• 16. Discussion Etiquette -Do’s <ul><li>Speak pleasantly and politely to the group. </li></ul><ul><li>Respect the contribution of every speaker. </li></ul><ul><li>Remember that a discussion is not an argument. Learn to disagree politely. </li></ul><ul><li>Think about your contribution before you speak. How best can you answer the question/ contribute to the topic? </li></ul><ul><li>Try to stick to the discussion topic. Don't introduce irrelevant information. </li></ul><ul><li>Be aware of your body language when you are speaking. </li></ul><ul><li>Agree with and acknowledge what you find interesting. </li></ul>
  • 17. Don’ts <ul><li>Lose your temper. A discussion is not an argument. </li></ul><ul><li>Shout. Use a moderate tone and medium pitch. </li></ul><ul><li>Use too many gestures when you speak. Gestures like finger pointing and table thumping can appear aggressive. </li></ul><ul><li>Dominate the discussion. Confident speakers should allow quieter students a chance to contribute. </li></ul><ul><li>Draw too much on personal experience or anecdote. Although some tutors encourage students to reflect on their own experience, remember not to generalise too much. </li></ul><ul><li>Interrupt. Wait for a speaker to finish what they are saying before you speak.  </li></ul>
  • 18.   GD Do's <ul><li>Be as natural as possible. Do not try and be someone you are not. Be yourself. </li></ul><ul><li>A group discussion is your chance to be more vocal. The evaluator wants to hear you speak. </li></ul><ul><li>Take time to organize your thoughts. Think of what you are going to say. </li></ul><ul><li>Seek clarification if you have any doubts regarding the subject. </li></ul><ul><li>Don't start speaking until you have clearly understood and analyzed the subject. </li></ul><ul><li>Work out various strategies to help you make an entry: initiate the discussion or agree with someone else's point and then move onto express your views. </li></ul>
  • 19. <ul><li>Opening the discussion is not the only way of gaining attention and recognition. If you do not give valuable insights during the discussion, all your efforts of initiating the discussion will be in vain. </li></ul><ul><li>Your body language says a lot about you - your gestures and mannerisms are more likely to reflect your attitude than what you say. </li></ul><ul><li>Language skills are important only to the effect as to how you get your points across clearly and fluently. </li></ul><ul><li>Be assertive not dominating; try to maintain a balanced tone in your discussion and analysis. </li></ul><ul><li>Don't lose your cool if anyone says anything you object to. The key is to stay objective: Don't take the discussion personally. </li></ul><ul><li>Always be polite: Try to avoid using extreme phrases like: `I strongly object' or `I disagree'. Instead try phrases like: `I would like to share my views on?' or `One difference between your point and mine?' or &quot;I beg to differ with you&quot; </li></ul>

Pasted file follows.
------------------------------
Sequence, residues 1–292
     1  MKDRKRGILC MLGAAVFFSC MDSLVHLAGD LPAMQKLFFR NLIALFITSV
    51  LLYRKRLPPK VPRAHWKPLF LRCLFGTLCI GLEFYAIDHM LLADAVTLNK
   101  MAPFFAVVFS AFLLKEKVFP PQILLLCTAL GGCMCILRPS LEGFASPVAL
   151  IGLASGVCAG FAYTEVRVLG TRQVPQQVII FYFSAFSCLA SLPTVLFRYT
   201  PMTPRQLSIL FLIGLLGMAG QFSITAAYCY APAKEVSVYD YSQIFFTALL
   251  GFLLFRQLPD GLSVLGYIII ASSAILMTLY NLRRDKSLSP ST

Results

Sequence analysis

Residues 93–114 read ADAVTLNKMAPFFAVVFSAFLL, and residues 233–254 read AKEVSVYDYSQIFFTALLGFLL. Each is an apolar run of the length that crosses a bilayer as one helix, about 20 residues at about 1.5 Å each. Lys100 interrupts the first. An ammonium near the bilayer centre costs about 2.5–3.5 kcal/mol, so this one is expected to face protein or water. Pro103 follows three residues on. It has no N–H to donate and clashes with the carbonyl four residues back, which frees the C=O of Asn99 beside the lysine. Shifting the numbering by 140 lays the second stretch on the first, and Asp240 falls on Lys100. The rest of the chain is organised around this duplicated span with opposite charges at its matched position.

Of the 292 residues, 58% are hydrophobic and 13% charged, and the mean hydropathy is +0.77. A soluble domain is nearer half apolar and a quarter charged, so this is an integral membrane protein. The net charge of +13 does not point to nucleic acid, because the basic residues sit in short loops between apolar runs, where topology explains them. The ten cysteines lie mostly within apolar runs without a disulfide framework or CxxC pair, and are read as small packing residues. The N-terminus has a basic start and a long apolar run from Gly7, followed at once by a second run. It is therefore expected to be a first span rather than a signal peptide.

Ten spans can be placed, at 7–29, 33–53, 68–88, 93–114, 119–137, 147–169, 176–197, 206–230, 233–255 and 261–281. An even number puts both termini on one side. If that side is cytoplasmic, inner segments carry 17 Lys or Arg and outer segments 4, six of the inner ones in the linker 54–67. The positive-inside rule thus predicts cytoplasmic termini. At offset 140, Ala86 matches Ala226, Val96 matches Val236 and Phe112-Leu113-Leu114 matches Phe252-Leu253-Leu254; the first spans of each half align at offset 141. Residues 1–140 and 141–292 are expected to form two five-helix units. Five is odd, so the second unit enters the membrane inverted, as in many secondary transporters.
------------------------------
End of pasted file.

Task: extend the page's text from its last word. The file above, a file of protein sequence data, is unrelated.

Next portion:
• 20. <ul><li>Brush up on your leadership skills; motivate the other members of the team to speak (this surely does not mean that the only thing that you do in the GD is to say &quot;let us hear what the young lady with the blue scarf has to say,&quot; or &quot;Raghu, let us hear your views&quot; - Essentially be subtle), and listen to their views. Be receptive to others' opinions and do not be abrasive or aggressive. </li></ul><ul><li>If you have a group of like-minded friends, you can have a mock group discussion where you can learn from each other through giving and receiving feedback. </li></ul><ul><li>Apart from the above points, the panel will also judge team members for their alertness and presence of mind, problem-solving abilities, ability to work as a team without alienating certain members, and creativity . </li></ul>
  • 21. The Don’ts <ul><li>Its better to be thought of as a fool, rather than open your mouth and confirm it! </li></ul><ul><li>Don’t open your mouth to change your foot. </li></ul><ul><li>Undue or excessive aggression. </li></ul><ul><li>Misinterpret the topic </li></ul><ul><li>Whisper to your immediate neighbour or make gesture to anyone at the GD table. </li></ul><ul><li>Be cynical ,sarcastic or prove the other person wrong-to prove yourself right. </li></ul>
  • 22. <ul><li>Command others,shout,and stop others from speaking. </li></ul><ul><li>Change a stand. </li></ul><ul><li>Digress from the topic. </li></ul><ul><li>Display negative body language like pointing a finger towards others). </li></ul><ul><li>Go overboard with enthusiasm if your are familiar with the topic. </li></ul><ul><li>Show your emotions. </li></ul><ul><li>Intervene when someone else is speaking. </li></ul>
  • 23. Tough Situations <ul><li>“I couldn’t start”. </li></ul><ul><li>“I couldn’t finish”. </li></ul><ul><li>“Nobody let me speak”. </li></ul><ul><li>“I didn’t understand the topic”. </li></ul><ul><li>“Someone else dominated the GD”. </li></ul><ul><li>“Someone got angry”. </li></ul><ul><li>“Someone got sarcastic”. </li></ul>
  • 24. Myths regarding a Group Discussion <ul><li>You should speak more (No!) </li></ul><ul><li>You should dominate the discussion (No!) </li></ul><ul><li>You should project yourself in style (No!) </li></ul><ul><li>You should speak in favor of topic (No!) </li></ul><ul><li>You should make others agree to your point (No!) </li></ul>